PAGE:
The first Thailand flag was created during the reign of King Rama II. This flag was chosen with the lucky symbol of a white elephant. The present Thailand flag, the Trai Rong or three colours was designed by King Rama VI. It was first used around 1920. The five horizontal stripes of three colours (red, white and blue) have meaning. Red is the colour of blood and represents life to the Thai people.
White symbolises the purity of the national religion, Buddhism. And blue signifies the and the monarchy and the important role it plays in the daily lives of Thai people. The flag is raised daily at all official buildings in Thailand. Large private enterprises and schools usually raise the flag at 8am to the accompaniment of the Thai national anthem. The Thailand flag is also flown nationwide on national holidays.
Symbolism plays a major role in Thai life and culture, some of the main aspects of these symbols can be read about below.
Sawadi, meaning hello or goodbye, is likely to be the first Thai word you pick up during your travels to Thailand. Ladies add a ka to the greeting, pronounced with a soft and lingering tone to express their femininty. Men add krab, spoken with a deep and resonant tone to emphasise their masculinity. Thai people do not say good morning, good evening or good night. They greet each other with a wai, which is a prayer-like gesture with palms raised. It is customary for the younger or lower in status to begin the greeting. There are various levels of wai: the deeper the wai the more respect is conveyed. When Thais wai to a monk they will completely prostrate themselves. Click through to read more about Thai culture or the Thai language.
The stupa, or chedi, is an essential element of Buddhist architecture. It is a monument erected to house a Buddha relic and the golden pointed silhouettes can be seen all over Thailand.
Muay Thai boxing is a national sport of Thailand in which competitors may strike each other with knees and elbows as well as kicks and punches. It is a spectacular and devastating martial art demonstrating many aspects of Thai culture. It is followed by many as football is in Europe. A Muay Thai fight night is a show where the audience of gamblers is almost as much of a spectacle as the fighters themselves. If you want to learn Thai boxing or see a Muay Thai fight night during your vacation in Thailand you can do so at Horizon Thai Boxing Camp.
Thailand is a land of plenty. Colourful, fragrant and sweet! Mother nature has provided Thailand with an astonishing array of tempting fruits.
Orchids are the beautiful floral symbol of Thailand. The wonderfully varied, colourful flowers can be seen everywhere in gardens, in the jungle and national parks.
These triangle-shaped cushions (or axe cushions), made of thick cotton and tinted with indigo, are a distinctive feature of Thai lifestyle. They are used to lean on while seated on the ground or at a low table. They are popular souvineer items. More sophisticated versions include a thin folding mattress attached to the cushion.
Three-wheeled tuk tuks buzz around Bangkok city on two stroke engines. A ubiquitous means of Thai transportation one is always around if you need one. A trip in a tuk tuk can be exhilarating but the traffic fumes in Bangkok can be overwhelming.
The wall ghecko (tuk ke) or house lizard (ching chok ) can be found everywhere in Thailand. People from north Thailand can eat tuk ke but nobody eats ching chok. They appear at night time and make a shrill sound. If their tail is cut, it will grow again. Whatever you do, they will always find a way to enter inside the home. It is bad luck if a ching chok or tuk ke falls on you.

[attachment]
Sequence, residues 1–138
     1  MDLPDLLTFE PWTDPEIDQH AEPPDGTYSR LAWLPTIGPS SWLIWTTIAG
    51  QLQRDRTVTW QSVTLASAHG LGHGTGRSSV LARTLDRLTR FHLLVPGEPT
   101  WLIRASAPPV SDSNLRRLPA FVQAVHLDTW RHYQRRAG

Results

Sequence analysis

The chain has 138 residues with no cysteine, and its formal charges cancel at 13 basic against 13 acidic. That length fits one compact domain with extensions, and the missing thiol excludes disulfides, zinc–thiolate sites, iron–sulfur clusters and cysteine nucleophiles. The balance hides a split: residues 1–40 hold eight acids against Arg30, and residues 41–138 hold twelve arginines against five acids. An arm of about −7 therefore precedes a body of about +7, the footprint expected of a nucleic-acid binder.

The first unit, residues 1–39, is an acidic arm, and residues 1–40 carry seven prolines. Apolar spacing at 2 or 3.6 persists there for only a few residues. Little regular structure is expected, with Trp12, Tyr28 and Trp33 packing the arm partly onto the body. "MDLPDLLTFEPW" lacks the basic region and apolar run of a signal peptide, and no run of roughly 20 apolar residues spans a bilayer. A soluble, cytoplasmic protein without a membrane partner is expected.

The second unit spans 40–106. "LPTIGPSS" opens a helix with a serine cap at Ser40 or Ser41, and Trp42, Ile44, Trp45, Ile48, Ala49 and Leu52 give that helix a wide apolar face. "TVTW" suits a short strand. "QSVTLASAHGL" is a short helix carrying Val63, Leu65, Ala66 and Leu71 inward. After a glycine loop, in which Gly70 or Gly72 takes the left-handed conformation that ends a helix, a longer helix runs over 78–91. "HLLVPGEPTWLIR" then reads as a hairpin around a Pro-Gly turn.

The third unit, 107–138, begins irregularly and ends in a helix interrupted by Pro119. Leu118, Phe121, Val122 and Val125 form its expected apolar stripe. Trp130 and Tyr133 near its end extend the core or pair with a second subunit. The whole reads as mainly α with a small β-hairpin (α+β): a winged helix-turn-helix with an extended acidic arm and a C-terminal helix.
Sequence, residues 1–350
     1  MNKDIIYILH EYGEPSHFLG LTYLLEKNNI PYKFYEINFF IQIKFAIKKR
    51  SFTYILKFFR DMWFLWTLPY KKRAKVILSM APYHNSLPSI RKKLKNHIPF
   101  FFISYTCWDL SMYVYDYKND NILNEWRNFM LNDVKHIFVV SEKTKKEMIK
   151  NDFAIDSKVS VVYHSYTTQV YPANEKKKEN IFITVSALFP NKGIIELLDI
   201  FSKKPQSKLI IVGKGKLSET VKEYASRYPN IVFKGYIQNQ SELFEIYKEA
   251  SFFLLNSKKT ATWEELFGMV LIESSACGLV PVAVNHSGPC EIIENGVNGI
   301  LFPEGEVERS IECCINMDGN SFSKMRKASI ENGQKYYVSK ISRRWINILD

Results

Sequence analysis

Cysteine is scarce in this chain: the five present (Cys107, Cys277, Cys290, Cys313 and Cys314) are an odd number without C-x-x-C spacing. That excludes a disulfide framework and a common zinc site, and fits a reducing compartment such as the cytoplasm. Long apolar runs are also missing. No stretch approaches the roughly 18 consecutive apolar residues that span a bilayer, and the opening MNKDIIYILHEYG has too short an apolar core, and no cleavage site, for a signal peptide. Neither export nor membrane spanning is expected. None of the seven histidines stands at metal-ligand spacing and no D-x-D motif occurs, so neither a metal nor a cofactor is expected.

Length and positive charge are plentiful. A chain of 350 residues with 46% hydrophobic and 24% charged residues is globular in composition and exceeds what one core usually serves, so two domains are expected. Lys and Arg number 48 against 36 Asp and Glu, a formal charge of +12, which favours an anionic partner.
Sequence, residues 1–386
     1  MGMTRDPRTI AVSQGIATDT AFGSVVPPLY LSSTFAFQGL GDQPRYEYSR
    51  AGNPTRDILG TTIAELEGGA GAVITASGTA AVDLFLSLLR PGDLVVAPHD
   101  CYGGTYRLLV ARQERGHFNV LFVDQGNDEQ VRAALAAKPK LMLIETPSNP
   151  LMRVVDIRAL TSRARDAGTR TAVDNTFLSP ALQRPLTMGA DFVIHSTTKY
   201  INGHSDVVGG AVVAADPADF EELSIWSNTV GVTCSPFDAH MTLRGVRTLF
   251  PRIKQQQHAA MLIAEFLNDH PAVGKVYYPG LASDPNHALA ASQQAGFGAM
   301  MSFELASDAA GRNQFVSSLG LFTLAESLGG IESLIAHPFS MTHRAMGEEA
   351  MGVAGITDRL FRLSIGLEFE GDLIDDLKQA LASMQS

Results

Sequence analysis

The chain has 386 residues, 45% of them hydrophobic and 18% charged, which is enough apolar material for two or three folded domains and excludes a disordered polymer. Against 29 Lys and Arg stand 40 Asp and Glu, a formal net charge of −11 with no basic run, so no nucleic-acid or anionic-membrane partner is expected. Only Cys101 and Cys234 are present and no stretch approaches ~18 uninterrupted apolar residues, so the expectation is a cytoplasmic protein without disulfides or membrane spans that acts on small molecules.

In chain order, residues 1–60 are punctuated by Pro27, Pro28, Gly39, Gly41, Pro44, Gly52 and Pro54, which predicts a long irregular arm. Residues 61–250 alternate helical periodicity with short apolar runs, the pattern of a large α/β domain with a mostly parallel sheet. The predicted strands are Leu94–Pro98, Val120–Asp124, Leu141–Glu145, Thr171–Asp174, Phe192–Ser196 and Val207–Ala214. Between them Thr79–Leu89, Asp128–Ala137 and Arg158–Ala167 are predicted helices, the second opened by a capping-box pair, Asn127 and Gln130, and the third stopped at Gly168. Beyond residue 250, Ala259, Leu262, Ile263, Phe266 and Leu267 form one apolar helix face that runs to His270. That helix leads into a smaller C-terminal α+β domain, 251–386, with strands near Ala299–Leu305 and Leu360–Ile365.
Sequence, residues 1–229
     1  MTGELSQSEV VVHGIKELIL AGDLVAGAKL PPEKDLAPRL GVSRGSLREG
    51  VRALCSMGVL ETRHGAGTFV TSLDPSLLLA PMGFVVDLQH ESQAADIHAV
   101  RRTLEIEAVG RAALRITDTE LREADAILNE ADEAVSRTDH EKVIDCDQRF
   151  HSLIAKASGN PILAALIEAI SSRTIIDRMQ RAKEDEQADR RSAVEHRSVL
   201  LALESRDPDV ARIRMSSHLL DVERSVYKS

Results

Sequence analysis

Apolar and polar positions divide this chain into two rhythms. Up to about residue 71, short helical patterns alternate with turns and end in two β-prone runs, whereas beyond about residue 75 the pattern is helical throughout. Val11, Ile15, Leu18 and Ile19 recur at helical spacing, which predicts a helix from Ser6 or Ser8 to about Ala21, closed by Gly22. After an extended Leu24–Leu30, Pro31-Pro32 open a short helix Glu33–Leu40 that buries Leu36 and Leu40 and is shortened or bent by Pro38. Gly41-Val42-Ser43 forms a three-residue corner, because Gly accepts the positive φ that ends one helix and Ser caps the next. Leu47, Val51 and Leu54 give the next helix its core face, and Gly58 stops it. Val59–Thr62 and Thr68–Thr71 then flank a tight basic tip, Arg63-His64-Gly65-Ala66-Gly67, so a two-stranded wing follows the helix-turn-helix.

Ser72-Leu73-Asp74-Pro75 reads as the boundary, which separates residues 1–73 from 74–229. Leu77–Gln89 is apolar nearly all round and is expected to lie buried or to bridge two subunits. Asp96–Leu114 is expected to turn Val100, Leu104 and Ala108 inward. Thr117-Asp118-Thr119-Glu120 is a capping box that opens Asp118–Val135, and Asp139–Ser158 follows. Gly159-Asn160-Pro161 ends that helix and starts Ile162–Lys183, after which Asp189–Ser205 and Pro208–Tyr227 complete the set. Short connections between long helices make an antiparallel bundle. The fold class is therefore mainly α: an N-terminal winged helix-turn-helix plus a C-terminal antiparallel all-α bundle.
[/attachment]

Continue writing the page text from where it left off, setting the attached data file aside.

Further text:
Thai silk is considered to be the best in the world and the fabric is a good buy in Thailand. The course weave and soft texture of Thai silk makes it more easily dyed than harder, smoother silks, resulting in brighter colours and a unique lustre. Silk is best purchased in the north of Thailand or Bangok. Chinese silk is available at about half the cost.
Teak is a tall, sturdy, evergreen tree indigenous to the tropical climate of SE Asia. Teak wood has been a favourite among shipbuilders in centuries past for its durability. It is a tight-grained hardwood with a high oil content making it impervious to the salty wind and water, withering sunlight, and lashing rains of the sea (or even the wildness of your own backyard!) Teak weathers gracefully, maturing to an elegant, silvery grey over time.
The national symbol of Thailand and royal symbol is the Garuda, a mythical half bird, half human figure (steed of the Hindu god Vishnu) that adorns HM King Aduladej Bhumibol's sceptor and royal standard.
Thai fisherman pants are lightweight cotton trousers made very wide in the waist. The extra material is wrapped around the waist and tied to form a belt. They are used by fishermen in Thailand, but have also become popular with backpackers, pregnant women and hippy stoners. The Thais call them kang keng ley. Kang keng is the Thai word for trousers, ley is a short form of the word for sea.
This internationally known energy drink originated in Thailand. The drink remains massively popular here. But watch out! The stuff on sale here is super charged compared to what you get back home.
Street food is available in towns and villages all over Thailand. Thai food quality is generally very high and it can all be considered safe to eat. If you see lots of Thai people enjoying the food you can be sure its a good buy. In every corner of the country any gathering of people such as a concert, party or football match will spark the appearance of a mobile market selling all kinds of fresh culinary delights. You never need to saty hungry, wherever you are. remember to say ' Mai Pet' if you can't handle spicy!